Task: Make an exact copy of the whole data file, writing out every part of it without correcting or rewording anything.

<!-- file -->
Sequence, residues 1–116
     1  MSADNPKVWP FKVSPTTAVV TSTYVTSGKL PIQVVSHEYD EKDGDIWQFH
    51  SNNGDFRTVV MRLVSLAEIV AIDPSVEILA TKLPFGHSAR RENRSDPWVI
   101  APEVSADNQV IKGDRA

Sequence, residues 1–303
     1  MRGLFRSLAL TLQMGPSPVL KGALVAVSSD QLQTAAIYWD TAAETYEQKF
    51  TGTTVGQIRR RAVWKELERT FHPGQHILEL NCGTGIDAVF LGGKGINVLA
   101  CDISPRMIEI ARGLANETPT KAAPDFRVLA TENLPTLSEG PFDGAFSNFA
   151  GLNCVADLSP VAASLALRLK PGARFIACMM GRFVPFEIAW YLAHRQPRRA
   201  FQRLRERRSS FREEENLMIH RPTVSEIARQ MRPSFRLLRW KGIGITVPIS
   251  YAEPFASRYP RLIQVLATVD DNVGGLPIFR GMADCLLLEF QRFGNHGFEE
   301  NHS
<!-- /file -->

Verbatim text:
Sequence, residues 1–116
     1  MSADNPKVWP FKVSPTTAVV TSTYVTSGKL PIQVVSHEYD EKDGDIWQFH
    51  SNNGDFRTVV MRLVSLAEIV AIDPSVEILA TKLPFGHSAR RENRSDPWVI
   101  APEVSADNQV IKGDRA

Sequence, residues 1–303
     1  MRGLFRSLAL TLQMGPSPVL KGALVAVSSD QLQTAAIYWD TAAETYEQKF
    51  TGTTVGQIRR RAVWKELERT FHPGQHILEL NCGTGIDAVF LGGKGINVLA
   101  CDISPRMIEI ARGLANETPT KAAPDFRVLA TENLPTLSEG PFDGAFSNFA
   151  GLNCVADLSP VAASLALRLK PGARFIACMM GRFVPFEIAW YLAHRQPRRA
   201  FQRLRERRSS FREEENLMIH RPTVSEIARQ MRPSFRLLRW KGIGITVPIS
   251  YAEPFASRYP RLIQVLATVD DNVGGLPIFR GMADCLLLEF QRFGNHGFEE
   301  NHS